Fred Astaire does sing with a chorus and featured dancers like Patricia Jackson, Bobbie Priest and Dee Turnell in a musical number called ‘Steppin’ Out with My Baby’. I don’t think it matches to ‘Let’s Say It with Firecrackers’ in ‘Holiday Inn’ and ‘Shoes with Wings On’ in ‘The Barkleys of Broadway’. 😀

The film closes with Judy’s Hannah and Fred’s Don taking part in the Easter Parade in New York. The Easter Parade is something that still happens in New York City, although not in 2020 due to the Covid-19 pandemic. It was lovely to see how ‘Easter Parade’ ended with Hannah and Don together. 🙂

I felt sorry for the bunny rabbit that was stuffed inside that gift box when Judy’s Hannah sent gifts to Fred’s Don without any cards to them. It was like Lady being stuffed inside a box for Christmas in the two ‘Lady and the Tramp’ films from 1955 and 2019. I’m not sure I approve of this animal cruelty here. 😀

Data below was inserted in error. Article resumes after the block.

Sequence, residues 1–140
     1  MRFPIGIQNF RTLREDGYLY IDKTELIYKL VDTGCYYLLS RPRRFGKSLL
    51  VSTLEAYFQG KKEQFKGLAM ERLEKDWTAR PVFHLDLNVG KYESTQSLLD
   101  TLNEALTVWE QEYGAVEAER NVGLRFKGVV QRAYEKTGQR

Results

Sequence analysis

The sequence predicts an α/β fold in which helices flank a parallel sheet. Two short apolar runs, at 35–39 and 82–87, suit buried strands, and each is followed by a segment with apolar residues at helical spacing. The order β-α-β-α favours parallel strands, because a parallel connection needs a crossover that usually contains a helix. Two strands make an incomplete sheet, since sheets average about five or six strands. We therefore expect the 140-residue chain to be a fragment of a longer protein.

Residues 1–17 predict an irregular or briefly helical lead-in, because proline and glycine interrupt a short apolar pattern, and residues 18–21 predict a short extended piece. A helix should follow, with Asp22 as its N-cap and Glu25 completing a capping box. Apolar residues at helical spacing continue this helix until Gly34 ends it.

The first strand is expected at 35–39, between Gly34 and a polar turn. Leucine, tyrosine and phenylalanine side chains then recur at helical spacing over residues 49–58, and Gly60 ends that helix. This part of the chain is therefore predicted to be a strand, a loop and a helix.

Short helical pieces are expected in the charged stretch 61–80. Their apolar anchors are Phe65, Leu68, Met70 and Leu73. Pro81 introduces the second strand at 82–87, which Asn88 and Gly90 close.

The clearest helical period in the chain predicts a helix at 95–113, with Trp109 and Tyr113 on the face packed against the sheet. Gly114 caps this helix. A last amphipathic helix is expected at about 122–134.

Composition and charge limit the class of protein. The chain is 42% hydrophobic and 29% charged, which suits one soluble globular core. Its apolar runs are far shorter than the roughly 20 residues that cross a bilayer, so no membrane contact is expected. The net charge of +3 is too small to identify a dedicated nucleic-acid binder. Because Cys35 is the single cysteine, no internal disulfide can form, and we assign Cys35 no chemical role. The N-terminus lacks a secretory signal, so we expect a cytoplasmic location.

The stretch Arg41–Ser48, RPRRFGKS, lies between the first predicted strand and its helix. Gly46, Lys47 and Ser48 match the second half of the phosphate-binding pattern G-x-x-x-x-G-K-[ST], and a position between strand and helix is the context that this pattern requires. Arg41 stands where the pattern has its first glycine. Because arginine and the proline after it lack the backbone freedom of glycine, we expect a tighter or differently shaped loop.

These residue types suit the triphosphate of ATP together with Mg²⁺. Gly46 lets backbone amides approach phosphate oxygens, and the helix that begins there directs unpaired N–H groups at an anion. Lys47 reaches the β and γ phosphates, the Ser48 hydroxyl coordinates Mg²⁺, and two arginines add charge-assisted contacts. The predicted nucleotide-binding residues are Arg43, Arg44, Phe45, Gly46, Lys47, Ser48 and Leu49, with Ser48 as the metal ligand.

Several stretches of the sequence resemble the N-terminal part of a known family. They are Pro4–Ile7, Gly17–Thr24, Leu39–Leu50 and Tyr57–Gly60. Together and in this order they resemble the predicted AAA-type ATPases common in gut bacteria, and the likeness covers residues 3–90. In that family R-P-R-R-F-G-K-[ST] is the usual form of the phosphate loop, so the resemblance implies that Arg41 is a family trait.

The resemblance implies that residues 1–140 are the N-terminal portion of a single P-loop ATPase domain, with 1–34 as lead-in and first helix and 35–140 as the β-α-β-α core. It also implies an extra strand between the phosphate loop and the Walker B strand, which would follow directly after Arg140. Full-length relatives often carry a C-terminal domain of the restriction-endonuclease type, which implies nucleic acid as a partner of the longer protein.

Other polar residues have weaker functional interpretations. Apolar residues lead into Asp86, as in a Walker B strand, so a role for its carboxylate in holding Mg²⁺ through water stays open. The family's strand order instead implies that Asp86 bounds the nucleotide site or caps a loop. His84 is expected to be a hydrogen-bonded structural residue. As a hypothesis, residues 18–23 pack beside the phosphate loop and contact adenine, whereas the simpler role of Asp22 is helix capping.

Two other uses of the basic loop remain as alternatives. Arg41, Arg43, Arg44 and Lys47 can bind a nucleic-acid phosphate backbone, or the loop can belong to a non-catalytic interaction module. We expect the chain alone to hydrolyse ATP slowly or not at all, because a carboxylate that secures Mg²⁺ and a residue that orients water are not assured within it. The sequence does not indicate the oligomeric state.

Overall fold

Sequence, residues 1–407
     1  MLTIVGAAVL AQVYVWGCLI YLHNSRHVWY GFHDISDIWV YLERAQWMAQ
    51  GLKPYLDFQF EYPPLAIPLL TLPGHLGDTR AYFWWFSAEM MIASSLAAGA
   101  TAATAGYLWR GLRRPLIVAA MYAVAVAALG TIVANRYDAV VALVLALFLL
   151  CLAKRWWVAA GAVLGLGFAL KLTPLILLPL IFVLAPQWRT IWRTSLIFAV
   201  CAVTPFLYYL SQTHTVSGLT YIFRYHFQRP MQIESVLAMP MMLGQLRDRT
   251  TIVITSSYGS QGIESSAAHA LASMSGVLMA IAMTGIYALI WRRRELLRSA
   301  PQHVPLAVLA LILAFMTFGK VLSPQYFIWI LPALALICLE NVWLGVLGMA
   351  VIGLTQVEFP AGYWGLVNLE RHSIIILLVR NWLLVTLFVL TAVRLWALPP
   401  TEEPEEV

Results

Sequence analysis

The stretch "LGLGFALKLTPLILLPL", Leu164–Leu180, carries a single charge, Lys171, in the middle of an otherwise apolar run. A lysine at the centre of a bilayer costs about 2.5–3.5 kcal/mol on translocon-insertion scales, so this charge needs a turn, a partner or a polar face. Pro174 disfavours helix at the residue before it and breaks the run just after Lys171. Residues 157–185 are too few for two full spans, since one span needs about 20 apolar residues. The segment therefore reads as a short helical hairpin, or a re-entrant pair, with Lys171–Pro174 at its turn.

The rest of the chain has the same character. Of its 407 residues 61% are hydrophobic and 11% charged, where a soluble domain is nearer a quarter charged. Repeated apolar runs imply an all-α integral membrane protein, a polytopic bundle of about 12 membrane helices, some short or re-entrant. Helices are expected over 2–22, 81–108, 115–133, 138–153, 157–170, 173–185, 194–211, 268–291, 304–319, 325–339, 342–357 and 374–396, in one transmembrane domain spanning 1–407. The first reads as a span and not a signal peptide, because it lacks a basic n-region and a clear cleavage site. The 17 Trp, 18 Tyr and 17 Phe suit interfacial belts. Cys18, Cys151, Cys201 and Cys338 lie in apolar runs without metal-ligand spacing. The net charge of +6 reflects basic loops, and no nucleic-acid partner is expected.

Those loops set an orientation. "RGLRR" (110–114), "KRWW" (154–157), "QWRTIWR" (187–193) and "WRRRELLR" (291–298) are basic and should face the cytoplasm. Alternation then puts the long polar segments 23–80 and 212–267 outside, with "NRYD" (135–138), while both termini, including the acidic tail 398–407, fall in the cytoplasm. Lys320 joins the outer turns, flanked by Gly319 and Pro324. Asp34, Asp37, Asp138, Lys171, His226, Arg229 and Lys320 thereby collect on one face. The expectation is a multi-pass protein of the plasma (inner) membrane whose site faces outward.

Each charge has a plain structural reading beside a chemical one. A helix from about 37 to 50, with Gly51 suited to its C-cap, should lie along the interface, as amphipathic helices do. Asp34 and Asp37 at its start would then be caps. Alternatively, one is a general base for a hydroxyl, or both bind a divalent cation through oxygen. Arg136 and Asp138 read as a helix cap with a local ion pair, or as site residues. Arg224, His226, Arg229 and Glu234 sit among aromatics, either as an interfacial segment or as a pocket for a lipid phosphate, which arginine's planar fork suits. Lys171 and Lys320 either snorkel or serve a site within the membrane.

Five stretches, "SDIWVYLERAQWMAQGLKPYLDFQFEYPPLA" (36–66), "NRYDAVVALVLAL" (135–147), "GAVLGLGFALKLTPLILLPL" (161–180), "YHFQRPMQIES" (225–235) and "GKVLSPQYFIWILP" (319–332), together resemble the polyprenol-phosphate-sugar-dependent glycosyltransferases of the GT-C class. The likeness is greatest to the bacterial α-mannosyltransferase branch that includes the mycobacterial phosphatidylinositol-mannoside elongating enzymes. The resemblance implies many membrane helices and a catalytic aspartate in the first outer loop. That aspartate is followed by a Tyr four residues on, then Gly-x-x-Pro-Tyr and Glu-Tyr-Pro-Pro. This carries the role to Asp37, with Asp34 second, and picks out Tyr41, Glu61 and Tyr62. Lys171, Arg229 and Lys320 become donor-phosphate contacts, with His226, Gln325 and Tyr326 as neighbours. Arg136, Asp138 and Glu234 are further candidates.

By the way, in the time Don teaches Hannah to be his dancing partner before they become a dancing duo, it takes one year from a Easter Parade to the following year with the next Easter Parade. I’m rather surprised that they didn’t have a Christmas sequence where Fred and Judy sang ‘White Christmas’.